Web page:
Two small words that scare a lot of people.
They used to scare me too. I let a lot of travel opportunities pass me by because I had no-one to go with. Friends were either busy, broke or simply not as ‘wanderlusty’ as me. And I am perpetually single.
But turning 25 and graduating from University made me reexamine my life, my goals and how I would spend my meagre paychecks.
I decided it was time to be bolder, take more risks and go after the things I wanted. To get the hell out of my own way.
But what will I do all day?
Well, whatever you want! Travelling alone provides the ultimate freedom. You have no one to answer to, no one to consult and the world before you. Whether you want to go sight-seeing, hiking, lying on a beach or stay in and read a book, everything is up to you. You decide what to do, what to eat, where to go.
But don’t you get lonely?
The beauty of travelling alone is that you are automatically more open to meeting other people. People are more likely to strike up a conversation when you’re standing alone. Sure, it feels a little awkward to approach others, but once you get over that initial hurdle you’ll see how friendly and open others generally are. Locals are often happy to talk about their city and give you tips. And these days there are so many young people travelling the world alone that you are bound to meet some. And they’ll be happy to hang out and exchange stories, share a meal/drink or go explore with you.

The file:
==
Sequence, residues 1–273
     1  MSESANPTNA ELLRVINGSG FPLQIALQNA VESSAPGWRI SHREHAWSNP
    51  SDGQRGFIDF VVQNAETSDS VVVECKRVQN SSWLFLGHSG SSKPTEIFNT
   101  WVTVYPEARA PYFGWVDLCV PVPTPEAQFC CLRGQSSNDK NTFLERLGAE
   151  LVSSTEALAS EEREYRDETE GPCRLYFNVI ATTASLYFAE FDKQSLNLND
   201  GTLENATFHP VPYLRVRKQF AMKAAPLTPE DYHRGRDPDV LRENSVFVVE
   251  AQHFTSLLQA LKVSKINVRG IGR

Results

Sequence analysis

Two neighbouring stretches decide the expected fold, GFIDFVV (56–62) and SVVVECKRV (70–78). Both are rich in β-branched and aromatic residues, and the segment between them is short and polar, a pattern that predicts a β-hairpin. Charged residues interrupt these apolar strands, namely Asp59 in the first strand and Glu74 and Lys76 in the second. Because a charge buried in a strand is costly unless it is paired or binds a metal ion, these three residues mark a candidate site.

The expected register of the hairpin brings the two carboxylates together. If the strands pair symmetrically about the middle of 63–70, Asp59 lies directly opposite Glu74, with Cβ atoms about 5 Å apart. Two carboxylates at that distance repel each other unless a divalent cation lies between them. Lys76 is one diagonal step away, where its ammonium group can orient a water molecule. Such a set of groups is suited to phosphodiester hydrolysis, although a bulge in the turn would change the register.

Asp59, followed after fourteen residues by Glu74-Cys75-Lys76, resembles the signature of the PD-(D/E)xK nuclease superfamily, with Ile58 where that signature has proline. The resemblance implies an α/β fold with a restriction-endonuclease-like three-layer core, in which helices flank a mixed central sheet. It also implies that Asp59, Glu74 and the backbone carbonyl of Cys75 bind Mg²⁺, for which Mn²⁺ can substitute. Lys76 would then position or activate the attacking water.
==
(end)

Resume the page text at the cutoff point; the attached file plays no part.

If you’re new to the world of solo travel I would recommend starting with a short trip, like a weekend away in a city. There will be plenty to do and see and you are likely to meet others. Or go on a Workaway. That way you’ll save some money by working for room and board and you’ll be with other volunteers (depending on the work).